750 - 985
Art of the Carolingian period is darkly mystical, infused with an ethereal passionate intensity.
Not until after the first churches were constructed and Christianity represented no longer a sect but the ruling state religion, could Christian art began to develop. The symbolic element, which had been borrowed from the ancient world, became less prominent, and the sacred personages of Christian art receive their fixed types. This development is represented in Manuscript Illumination. According to Medieval historian, Julia De Wolf Addison, "In these early works the whole tremendous power of the church is fully expressed. The heads and faces lack individuality, and are outlined and emphasized with hard, unsympathetic black lines; the colouring is sallow and the expression stolid. Any attempt at delineating emotion is grotesque, and grimacing. The beauty, for in spite of all these drawbacks there is great beauty"
Carolingian art centered around Manuscript Illumination, which thrived in Charlemagne's empire. After Christianity had spread throughout the length and breadth of the empire, the emperor created his own artistic institutions and his own system of patronage. Charlemagne desired to re-establish the art and cultural accomplishments of classical Rome. He supported numerous artistic and cultural endeavors, including monastic centers that were established to create and reproduce illuminated manuscripts. These early artists were Franks who had modeled their style after the works of Greek, Roman and Middle Eastern artists. They strove to capture the mysterious and mystical nature of early Christianity. The church made use of a wide range of art-works for spiritual comfort and instruction.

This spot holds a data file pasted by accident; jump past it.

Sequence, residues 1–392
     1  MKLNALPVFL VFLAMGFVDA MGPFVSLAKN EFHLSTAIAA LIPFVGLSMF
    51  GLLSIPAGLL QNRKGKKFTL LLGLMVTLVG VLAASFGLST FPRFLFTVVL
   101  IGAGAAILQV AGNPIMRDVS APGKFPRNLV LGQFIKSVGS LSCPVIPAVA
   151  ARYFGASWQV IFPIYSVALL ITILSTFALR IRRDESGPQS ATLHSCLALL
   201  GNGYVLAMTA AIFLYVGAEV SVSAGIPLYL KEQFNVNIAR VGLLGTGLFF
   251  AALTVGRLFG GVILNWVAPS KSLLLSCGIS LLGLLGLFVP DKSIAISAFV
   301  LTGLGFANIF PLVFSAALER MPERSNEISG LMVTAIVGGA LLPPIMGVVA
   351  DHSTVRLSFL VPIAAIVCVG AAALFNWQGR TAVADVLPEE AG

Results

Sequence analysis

Art Historian Clive Bell noted "Christian art preserved its primitive significance for more than half a millennium. Therein I see no marvel. Even ideas and emotions travelled slowly in those days. In one respect, at any rate, trains and steam-boats have fulfilled the predictions of their exploiters—they have made everything move faster: the mistake lies in being quite so positive that this is a blessing. In those dark ages things moved slowly; that is one reason why the new force had not spent itself in six hundred years. Another is that the revelation came to an age that was constantly breaking fresh ground. Always there was a virgin tract at hand to take the seed and raise a lusty crop. Between 500 and 1000 a.d. the population of Europe was fluid. Some new race was always catching the inspiration and feeling and expressing it with primitive sensibility and passion. The last to be infected was one of the finest; and in the eleventh century Norman power and French intelligence produced in the west of Europe a manifestation of the Christian ferment only a little inferior to that which five hundred years earlier had made glorious the East."
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